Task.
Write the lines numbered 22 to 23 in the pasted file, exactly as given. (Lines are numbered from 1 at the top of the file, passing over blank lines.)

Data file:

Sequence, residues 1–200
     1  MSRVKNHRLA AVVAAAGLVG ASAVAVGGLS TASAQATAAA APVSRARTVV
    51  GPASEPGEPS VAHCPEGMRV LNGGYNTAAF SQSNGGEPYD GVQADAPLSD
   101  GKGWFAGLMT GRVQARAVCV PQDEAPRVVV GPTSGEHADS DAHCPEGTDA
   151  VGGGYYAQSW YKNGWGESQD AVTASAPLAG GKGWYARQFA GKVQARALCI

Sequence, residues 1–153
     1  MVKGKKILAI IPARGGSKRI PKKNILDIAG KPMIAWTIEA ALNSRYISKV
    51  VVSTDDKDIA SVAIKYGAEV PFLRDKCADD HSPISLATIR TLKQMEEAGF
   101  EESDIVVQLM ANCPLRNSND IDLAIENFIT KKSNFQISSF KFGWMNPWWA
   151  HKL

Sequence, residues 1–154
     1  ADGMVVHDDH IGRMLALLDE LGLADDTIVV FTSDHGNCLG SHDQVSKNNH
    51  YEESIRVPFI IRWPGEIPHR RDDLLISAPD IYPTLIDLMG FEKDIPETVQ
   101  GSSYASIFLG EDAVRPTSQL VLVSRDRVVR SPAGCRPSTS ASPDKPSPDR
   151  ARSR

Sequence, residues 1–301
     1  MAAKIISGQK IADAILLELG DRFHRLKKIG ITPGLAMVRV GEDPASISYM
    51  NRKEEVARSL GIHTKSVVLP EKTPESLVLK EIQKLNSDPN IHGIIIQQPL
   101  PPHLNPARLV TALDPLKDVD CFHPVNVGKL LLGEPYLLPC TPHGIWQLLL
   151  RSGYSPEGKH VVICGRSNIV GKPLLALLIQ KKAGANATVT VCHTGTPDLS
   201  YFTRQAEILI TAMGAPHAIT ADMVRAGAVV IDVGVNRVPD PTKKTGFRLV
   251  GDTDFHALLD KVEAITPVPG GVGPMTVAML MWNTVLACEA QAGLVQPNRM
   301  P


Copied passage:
   251  GDTDFHALLD KVEAITPVPG GVGPMTVAML MWNTVLACEA QAGLVQPNRM
   301  P